PIERCE COUNTY, Wash. – Officials restored power to thousands of people in Pierce County on Monday afternoon after authorities said four utility substations were vandalized early Sunday, plunging more than 14,000 residents into darkness, KIRO-TV reported.
Update 10:50 a.m. EST Dec. 27: Officials with Tacoma Public Utilities confirmed Monday that utilities were back online following “intentional damage” to four substations.
“All our customers are back online after the intentional damage to our system yesterday,” utility officials said in a statement posted on social media.
— Theresa Seiger, Cox Media Group National Content Desk
Original report: Deputies said that hours after three utility substations were vandalized Sunday morning, a fourth was targeted and set on fire.
Investigators were called to the scene of a fire at the Puget Sound Energy substation just before 7:30 p.m. Sunday, the Pierce County Sheriff’s Department said in a news release. First responders put out the fire, which was blamed for knocking out power to homes in Kapowsin and Graham. Deputies said the fire was caused when “suspect(s) gained access to the fenced area and vandalized the equipment.”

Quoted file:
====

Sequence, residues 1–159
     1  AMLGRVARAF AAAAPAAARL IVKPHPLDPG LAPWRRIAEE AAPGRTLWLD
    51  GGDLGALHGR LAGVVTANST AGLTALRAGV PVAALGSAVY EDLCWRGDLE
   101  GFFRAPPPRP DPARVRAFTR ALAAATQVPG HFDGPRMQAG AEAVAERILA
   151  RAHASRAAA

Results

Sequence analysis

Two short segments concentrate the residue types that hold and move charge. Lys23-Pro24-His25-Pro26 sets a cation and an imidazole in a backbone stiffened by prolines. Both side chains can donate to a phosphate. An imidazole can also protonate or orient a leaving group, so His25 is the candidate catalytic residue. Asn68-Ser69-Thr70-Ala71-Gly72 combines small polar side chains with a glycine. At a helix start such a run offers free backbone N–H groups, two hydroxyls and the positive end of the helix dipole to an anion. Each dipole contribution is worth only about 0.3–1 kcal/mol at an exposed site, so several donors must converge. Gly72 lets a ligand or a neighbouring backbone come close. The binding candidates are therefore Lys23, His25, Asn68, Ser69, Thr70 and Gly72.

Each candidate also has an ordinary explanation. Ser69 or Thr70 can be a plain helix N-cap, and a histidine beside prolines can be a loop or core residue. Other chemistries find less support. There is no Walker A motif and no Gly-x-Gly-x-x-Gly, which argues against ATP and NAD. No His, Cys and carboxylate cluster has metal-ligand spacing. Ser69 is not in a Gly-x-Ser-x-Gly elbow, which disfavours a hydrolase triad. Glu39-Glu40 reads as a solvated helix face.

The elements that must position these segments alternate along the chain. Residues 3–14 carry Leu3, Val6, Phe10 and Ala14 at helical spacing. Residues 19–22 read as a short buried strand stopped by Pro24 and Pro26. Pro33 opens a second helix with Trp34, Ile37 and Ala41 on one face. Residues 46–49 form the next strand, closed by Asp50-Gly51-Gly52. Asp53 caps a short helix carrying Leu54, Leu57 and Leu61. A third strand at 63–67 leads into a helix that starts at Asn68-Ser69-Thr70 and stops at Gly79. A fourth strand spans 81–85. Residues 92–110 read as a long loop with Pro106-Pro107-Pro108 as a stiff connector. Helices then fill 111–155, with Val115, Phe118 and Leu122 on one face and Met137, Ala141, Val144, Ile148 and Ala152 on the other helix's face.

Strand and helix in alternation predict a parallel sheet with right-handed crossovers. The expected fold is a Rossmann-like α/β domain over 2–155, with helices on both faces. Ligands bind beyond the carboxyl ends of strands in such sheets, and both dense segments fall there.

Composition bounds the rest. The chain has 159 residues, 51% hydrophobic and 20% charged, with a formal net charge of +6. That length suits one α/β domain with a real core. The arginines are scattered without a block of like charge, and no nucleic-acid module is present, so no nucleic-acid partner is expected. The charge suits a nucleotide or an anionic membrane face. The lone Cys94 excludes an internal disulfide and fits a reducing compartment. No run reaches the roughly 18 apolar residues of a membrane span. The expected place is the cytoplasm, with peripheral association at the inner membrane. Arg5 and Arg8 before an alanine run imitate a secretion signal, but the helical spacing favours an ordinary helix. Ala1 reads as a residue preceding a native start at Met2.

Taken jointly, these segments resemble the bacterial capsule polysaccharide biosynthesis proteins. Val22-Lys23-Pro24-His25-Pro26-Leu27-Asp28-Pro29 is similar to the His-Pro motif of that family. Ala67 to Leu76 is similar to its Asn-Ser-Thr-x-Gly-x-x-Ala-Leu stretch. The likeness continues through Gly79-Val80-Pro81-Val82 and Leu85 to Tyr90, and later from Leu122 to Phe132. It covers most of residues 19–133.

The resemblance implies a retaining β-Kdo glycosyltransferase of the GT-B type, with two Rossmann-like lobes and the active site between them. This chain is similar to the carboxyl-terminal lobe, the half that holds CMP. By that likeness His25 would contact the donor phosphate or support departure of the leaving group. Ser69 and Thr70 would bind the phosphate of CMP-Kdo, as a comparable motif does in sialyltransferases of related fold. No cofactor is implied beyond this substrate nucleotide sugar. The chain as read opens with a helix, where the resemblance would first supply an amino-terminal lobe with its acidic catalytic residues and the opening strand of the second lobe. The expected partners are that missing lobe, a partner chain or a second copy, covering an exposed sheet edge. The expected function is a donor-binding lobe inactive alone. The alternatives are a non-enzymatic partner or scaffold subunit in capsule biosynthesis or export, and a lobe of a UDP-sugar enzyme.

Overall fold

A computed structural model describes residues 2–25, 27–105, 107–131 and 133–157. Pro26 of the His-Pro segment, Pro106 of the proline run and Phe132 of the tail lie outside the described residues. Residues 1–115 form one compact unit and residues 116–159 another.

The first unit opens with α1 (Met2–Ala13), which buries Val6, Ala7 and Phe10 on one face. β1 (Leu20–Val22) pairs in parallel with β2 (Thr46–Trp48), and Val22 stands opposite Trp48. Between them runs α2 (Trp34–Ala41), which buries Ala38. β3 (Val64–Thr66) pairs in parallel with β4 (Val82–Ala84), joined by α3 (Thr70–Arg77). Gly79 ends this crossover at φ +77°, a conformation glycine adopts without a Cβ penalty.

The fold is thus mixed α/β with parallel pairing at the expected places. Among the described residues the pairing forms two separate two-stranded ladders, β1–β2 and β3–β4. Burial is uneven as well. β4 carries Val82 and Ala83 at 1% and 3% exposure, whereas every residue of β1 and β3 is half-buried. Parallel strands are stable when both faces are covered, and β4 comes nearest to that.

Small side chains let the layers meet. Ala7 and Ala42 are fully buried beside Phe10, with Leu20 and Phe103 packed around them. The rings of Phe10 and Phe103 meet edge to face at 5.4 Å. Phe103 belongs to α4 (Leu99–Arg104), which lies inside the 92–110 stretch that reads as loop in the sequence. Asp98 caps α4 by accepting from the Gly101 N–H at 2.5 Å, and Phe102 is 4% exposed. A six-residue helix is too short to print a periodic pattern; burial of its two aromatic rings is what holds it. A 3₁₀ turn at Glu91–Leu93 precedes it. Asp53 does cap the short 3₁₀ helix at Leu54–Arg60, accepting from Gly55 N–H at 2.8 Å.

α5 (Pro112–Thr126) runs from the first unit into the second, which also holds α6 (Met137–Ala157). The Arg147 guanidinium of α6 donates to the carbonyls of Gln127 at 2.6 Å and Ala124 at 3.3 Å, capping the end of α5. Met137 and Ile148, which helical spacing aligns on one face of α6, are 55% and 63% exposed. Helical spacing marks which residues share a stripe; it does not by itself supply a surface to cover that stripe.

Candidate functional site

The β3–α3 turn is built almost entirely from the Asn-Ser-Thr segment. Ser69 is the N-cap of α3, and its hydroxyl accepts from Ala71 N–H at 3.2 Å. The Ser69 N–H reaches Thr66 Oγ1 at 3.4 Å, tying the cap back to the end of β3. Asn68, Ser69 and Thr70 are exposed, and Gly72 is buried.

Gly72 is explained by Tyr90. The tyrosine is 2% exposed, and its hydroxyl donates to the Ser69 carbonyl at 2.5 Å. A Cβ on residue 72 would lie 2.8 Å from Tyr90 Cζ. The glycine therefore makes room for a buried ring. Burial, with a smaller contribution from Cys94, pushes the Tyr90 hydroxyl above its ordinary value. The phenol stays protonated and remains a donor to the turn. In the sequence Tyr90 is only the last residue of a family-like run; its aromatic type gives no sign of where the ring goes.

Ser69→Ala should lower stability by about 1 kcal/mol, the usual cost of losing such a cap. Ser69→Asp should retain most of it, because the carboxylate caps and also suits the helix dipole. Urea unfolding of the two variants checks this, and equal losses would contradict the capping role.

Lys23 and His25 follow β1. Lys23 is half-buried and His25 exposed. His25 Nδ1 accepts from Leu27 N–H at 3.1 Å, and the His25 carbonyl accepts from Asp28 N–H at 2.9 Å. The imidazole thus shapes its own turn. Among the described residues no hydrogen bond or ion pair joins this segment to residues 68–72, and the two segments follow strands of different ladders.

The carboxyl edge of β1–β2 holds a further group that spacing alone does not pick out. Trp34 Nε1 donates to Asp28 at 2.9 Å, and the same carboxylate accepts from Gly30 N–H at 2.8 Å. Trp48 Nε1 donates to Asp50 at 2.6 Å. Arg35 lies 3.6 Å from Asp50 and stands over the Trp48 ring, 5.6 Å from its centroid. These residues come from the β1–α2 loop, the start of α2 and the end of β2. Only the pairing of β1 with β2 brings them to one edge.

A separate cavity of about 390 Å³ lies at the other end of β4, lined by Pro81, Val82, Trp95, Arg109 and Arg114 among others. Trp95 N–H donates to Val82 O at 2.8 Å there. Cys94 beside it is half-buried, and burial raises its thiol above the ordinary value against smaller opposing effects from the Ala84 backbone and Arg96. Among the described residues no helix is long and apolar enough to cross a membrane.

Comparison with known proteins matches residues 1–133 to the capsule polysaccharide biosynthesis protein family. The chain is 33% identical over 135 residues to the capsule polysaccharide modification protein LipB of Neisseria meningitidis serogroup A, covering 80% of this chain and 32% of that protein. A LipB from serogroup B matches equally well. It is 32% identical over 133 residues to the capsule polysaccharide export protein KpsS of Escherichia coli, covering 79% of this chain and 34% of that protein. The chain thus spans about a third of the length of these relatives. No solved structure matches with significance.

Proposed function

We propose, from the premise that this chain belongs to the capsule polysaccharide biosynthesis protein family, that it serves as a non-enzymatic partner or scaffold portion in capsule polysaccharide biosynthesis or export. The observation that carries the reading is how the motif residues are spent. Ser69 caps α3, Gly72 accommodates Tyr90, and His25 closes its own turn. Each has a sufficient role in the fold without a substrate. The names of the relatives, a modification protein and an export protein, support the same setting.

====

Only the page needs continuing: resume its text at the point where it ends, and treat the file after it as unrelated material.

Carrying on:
The incident was the fourth on Sunday where utility substations were vandalized, leaving customers in the dark. More than 14,000 customers were estimated to be impacted, according to KIRO.
“I woke up and the power was out,” Thomas Morisada, a resident, told KIRO.
The Pierce County Sheriff’s Department said in a news release that officers received calls early Sunday morning about burglaries at two Tacoma Public Utilities substations as well as one at a Puget Sound Energy facility.
“When the deputies got there, there was nobody on scene, but they saw that the fence area had been broken into. In this one, the suspects one of the locks on the fenced area, made their way inside, and caused damage to the substation,” Sgt. Darren Moss Jr., a spokesperson for the sheriff’s department, told KIRO. Deputies said that they are investigating the incidents as related.
“If I had to talk to those people, I’d just say, ‘C’mon, it’s Christmas. Why you gonna do that to people?” Morisada asked KIRO.
Moss told KIRO deputies will be monitoring all substations.